Why was Harriet Tubman known as the ‘Moses of her people’?

          Harriet Tubman was born around 1820 in Maryland in the United States. Her parents were slaves, so she also was a slave when she was born. However, she escaped slavery in 1849, and travelled to the north of her country. She then became a conductor for the Underground Railroad, and helped slaves flee to freedom in the North. The Underground Railroad was a secret system of people of all races who helped slaves escape to the North-it was not an actual railroad at all.

          Harriet Tubman made 19 dangerous rescue trips over 10 years, rescuing over 300 slaves from Southern states. During the Civil War, Harriet Tubman served with the U.S. Army in South Carolina, as a nurse, scout, spy and soldier. She led the Combahee River expedition, under the command of James Montgomery, and helped to blow up Southern supply lines and free hundreds of slaves.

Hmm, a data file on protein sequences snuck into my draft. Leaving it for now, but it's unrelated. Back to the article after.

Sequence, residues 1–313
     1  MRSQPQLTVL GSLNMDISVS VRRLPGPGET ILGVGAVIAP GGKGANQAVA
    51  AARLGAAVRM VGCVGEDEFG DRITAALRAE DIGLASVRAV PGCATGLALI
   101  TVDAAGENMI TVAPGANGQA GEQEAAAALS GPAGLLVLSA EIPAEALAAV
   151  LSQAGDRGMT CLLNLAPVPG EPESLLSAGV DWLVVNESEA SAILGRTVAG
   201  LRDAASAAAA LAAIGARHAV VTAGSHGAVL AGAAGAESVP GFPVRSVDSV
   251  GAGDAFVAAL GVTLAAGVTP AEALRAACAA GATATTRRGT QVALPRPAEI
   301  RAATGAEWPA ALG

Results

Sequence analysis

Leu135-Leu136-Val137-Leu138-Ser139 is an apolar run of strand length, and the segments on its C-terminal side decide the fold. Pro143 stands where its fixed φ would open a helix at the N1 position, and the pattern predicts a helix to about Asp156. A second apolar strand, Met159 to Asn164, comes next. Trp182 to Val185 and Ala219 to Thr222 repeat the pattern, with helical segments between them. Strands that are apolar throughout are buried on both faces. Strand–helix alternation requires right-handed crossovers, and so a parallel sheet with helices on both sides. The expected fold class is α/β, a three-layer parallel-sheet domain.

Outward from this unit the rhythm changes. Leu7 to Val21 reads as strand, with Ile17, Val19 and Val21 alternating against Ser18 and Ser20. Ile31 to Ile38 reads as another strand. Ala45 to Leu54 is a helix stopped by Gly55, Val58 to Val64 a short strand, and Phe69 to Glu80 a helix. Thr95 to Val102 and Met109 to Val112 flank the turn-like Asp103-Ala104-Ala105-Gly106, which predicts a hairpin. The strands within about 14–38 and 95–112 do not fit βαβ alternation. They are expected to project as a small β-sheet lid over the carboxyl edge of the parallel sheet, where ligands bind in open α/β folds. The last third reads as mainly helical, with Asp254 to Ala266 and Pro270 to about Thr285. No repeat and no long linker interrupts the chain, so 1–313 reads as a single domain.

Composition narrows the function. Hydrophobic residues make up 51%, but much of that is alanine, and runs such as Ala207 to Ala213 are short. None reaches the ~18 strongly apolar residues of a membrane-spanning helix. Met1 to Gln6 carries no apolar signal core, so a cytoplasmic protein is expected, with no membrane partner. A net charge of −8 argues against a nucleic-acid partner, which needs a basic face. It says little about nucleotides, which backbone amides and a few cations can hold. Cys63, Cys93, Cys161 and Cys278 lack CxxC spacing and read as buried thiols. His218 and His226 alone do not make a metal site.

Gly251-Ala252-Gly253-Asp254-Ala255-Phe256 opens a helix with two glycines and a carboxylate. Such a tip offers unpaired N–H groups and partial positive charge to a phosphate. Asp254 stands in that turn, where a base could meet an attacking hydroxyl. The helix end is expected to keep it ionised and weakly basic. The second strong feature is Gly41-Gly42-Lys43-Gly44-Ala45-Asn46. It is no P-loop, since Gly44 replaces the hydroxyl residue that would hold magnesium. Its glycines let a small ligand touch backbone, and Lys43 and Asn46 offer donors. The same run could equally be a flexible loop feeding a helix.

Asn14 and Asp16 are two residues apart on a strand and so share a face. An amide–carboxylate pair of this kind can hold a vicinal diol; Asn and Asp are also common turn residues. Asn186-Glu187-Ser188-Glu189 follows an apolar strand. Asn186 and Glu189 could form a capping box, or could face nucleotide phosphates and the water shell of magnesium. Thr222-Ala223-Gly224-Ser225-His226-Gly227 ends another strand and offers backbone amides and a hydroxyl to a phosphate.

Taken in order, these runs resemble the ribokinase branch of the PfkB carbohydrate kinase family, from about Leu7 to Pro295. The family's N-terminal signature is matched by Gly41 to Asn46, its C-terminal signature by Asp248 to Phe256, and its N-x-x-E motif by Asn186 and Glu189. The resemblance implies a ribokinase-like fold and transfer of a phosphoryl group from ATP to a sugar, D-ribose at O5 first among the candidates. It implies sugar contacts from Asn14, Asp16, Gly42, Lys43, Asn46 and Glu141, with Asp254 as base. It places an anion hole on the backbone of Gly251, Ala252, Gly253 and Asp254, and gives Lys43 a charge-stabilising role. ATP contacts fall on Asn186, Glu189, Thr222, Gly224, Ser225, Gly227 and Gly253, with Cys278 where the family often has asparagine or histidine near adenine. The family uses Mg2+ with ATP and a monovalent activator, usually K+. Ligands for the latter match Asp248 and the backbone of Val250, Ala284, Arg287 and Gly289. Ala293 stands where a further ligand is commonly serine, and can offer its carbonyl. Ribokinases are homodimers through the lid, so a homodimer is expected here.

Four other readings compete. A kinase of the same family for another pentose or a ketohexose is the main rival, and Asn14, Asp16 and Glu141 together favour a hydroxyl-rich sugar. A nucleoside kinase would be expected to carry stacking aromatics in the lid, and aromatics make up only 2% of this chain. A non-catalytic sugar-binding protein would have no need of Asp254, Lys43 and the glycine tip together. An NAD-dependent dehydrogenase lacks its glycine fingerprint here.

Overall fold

After the war ended, Harriet spoke for the rights of women and African Americans. She helped to organize the AME or African Methodist Episcopal Church, and also set up a home for poor aged African Americans. An incredibly brave woman, she was known as the ‘Moses of her people’, because she devoted her life to fighting slavery, helping slaves and ex-slaves, and championing the rights of women.